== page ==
The Church of Our Lady of the Rocks on a stone island
From the wikipedia page:  "According to legend, the islet was made over the centuries by the seamen who kept an ancient oath after finding the icon of Madonna and Child on the rock in the sea[2] on July 22, 1452.[3] Upon returning from each successful voyage, they laid a rock in the Bay. Over time, the islet gradually emerged from the sea.[4] The custom of throwing rocks into the sea is alive even nowadays. Every year on the sunset of July 22, an event called fašinada, when local residents take their boats and throw rocks into the sea, widening the surface of the island, takes place.[2]The first known church was built on the islet in 1452[4] and it was Serbian Orthodox. It was taken over by Roman Catholics and in 1632 the present Church of Our Lady of the Rocks was built.[4]
A staircase up to the second floor of the church

The bell tower of the church

St. George Islet with the St. George Benedictine Monastery
 as seen from Our Lady of the Rocks Church

View of Perast from the islet

Venetian-style houses in Perast which was under the Venetian Republic for several hundred years

We headed back to Kotor and asked our driver where we might have dinner that evening.  He said the Galion Restaurant was the best and near our ship on the waterfront.  I walked there along the waterfront to check it out and made reservations for that evening. This port of call was to be our longest and we were not scheduled to be back on ship until 10:30PM so a nice dinner of fresh seafood in Kotor was very desirable.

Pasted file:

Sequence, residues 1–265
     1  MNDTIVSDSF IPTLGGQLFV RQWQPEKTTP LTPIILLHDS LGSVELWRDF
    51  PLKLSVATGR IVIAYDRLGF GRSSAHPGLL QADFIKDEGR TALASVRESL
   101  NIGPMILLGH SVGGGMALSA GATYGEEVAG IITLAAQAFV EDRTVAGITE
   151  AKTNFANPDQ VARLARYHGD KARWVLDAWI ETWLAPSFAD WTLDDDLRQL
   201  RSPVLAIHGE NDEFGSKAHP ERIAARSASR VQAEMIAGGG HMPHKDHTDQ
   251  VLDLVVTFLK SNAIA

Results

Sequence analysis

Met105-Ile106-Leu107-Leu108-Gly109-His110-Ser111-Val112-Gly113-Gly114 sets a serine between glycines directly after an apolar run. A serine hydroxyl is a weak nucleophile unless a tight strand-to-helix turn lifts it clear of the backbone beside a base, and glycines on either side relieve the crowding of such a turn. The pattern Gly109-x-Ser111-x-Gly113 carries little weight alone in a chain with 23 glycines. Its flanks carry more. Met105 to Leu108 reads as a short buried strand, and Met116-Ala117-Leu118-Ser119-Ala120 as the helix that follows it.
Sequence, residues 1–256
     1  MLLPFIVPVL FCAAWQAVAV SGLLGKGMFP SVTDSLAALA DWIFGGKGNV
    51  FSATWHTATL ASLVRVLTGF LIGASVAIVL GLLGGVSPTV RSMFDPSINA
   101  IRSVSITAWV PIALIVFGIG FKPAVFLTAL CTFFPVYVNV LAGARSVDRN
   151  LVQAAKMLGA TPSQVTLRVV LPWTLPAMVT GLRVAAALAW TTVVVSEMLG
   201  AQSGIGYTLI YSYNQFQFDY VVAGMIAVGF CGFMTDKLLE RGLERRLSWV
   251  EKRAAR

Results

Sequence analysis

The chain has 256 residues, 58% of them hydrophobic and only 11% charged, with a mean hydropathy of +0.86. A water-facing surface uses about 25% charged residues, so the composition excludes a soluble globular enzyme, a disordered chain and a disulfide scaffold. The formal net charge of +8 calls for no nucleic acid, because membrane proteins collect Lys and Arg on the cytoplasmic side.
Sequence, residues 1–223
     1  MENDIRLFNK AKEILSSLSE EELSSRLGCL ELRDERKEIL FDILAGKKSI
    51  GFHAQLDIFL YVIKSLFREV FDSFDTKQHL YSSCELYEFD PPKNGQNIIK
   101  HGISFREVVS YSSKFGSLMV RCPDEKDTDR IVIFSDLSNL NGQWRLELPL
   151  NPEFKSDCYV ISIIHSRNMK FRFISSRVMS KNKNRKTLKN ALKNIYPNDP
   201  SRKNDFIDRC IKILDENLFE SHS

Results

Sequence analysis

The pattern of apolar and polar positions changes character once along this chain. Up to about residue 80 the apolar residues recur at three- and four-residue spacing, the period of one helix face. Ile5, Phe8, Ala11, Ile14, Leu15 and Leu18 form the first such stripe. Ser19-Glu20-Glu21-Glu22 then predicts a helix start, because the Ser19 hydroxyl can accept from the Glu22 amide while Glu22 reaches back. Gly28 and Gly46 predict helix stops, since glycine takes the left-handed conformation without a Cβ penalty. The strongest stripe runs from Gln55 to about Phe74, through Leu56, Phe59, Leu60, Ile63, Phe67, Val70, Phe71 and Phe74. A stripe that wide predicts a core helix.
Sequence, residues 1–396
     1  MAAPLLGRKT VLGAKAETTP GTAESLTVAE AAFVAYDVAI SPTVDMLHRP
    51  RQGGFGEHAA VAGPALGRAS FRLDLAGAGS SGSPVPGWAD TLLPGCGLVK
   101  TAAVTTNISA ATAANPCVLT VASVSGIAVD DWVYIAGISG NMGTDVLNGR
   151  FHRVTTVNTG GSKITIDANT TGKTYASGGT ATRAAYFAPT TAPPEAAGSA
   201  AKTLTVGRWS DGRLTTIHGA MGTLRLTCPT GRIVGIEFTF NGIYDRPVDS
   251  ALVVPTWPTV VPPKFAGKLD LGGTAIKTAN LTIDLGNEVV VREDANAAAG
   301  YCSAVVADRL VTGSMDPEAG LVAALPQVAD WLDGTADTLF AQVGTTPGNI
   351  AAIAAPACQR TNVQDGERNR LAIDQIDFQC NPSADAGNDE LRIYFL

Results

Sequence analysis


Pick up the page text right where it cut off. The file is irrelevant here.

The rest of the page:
The view from Galion Restaurant

View of the restaurant and of our ship in the harbor

We walked to the restaurant from the ship that evening and were thoroughly delighted with our dining experience.  Our driver's recommendation was "spot on" and we enjoyed the freshest mussels and clams, fresh fish, spaghetti and prawns, and a sweet local cream puff dessert.  The service was friendly and highly professional with multi-lingual staff. With appetizers, two entrees, dessert, wine, after dinner coffee, our total bill was 57 euro, very inexpensive for such a dinner.

After a leisurely dinner, we walked back to the ship by 9:30PM. 

The ship left port for our next stop, Dubrovnik, Croatia, just 51 nautical miles north.